Citing budget-busting drug costs, a California lawmaker wants state health programs to band together to negotiate better prices with drug companies.
Assemblymember David Chiu (D-San Francisco) has introduced a bill that would strengthen intra-agency collaboration on drug cost-saving strategies. Lawmakers will consider the bill at an Assembly Health Committee hearing on Tuesday.
“Californians and Americans are frustrated with the lack of progress around drug prices,” Chiu said, citing the uproar over EpiPen and hepatitis C medications.
He said state agencies should pool their efforts “so that we can leverage that consumer power and get the best deal for our money.”
While the proposed California Drug Costs Reduction Act does not mandate that various California health programs such as Medi-Cal or Covered California purchase drugs together, it would require administrators of those programs and 17 other state agencies to convene twice a year to strategize about ways to keep costs down.
Through the California Pharmaceutical Collaborative (CPC), state officials would consider a uniform state drug formulary and look at paying for drugs based on the value they bring to the health system.
A pharmaceutical collaborative by that name already exists within the California Department of General Services and purchases drugs for state prisons, hospitals and universities. This bill would significantly expand on those efforts.
Chiu says it’s unclear what the current program is doing, and if it has been successful in bringing down drug costs. The 2002 legislation that created the collaborative required only a few agencies to participate, and only one report back to the legislature in 2005.
A 2005 report from the California State Auditor suggested the Department of General Services could do more to bring down pharmaceutical costs for California.
A more recent analysis from the nonpartisan Legislative Analyst’s Office showed spending by the Department of General Services has increased at a relatively high rate — about 20 percent annually between 2012 and 2016, although that trend may have been skewed by the release of high-cost hepatitis C drugs during that time.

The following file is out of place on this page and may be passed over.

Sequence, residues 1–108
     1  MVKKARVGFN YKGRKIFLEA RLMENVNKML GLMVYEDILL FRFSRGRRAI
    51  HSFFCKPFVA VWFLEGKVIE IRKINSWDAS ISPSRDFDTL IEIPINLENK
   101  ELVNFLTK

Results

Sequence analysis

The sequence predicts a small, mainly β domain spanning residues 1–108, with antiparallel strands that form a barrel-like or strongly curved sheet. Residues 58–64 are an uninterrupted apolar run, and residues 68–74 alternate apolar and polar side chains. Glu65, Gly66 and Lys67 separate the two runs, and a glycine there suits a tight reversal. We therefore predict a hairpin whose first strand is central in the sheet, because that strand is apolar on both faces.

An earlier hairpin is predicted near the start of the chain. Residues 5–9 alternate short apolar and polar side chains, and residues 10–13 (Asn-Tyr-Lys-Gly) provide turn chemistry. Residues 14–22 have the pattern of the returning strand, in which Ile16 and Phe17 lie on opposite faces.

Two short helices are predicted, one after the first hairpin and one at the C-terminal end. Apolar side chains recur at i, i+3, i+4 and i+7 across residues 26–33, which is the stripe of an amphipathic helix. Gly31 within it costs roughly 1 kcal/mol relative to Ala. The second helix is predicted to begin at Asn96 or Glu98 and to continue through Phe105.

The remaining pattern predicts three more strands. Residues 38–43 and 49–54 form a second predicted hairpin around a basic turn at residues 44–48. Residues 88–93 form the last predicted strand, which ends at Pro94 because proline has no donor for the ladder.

“I haven’t had transparency about the work that’s happened,” Chiu said. During a February 2017 California legislative hearing about drug prices, the lawmaker expressed frustration about not being able to get information about the workings of the CPC.
Chiu’s bill would require annual reports from the pharmaceutical collaborative, which the lawmaker says would ensure more accountability.
A spokesman with the Department of General Services, Brian Ferguson, wrote in a statement that it has been meeting “regularly” to create a “roadmap” to cut drug costs.
The proposal so far has no registered opposition. Priscilla VanderVeer, a spokeswoman with the drug company trade association Pharmaceutical Research and Manufacturers of America (PhRMA) had no comment on the proposal.
Other states such as Massachusetts have bulk purchasing programs for drugs, according to the National Academy for State Health Policy. And Oregon and Washington have joined together to create a bulk purchasing program. It is one of five multi-state pharmaceutical programs in the country, according to the National Conference of State Legislatures.
About a third of Californians have health care coverage through Medi-Cal alone. Together with Covered California, and the California Public Employees’ Retirement System (CalPERS), these agencies insure more than 16 million people.
Experts say the diverse ways state programs pay for drugs would make it hard to implement an across-the-board prescription drug purchasing system in California.
Ben Johnson, fiscal and policy analyst with the Legislative Analyst’s Office said that the Medi-Cal program has different rules for payment and coverage than the state’s prison system. Medi-Cal is also entitled to deep drug discounts that other state agencies don’t receive.
“A lot of work would have to be done to be able to actually harmonize and create a uniform system of drug procurement in the state,” Johnson said. His agency does not take positions on legislation.
Advocates for AIDS patients and retired people support the bill. The California Public Interest Research Group (CALPIRG), which sponsored the initial legislation to create the collaborative in 2002, supports the current proposal as well. In a letter to the bill’s author, the group said the measure would provide “additional tools and direction” and increase accountability on the state government’s actions to reduce drug prices.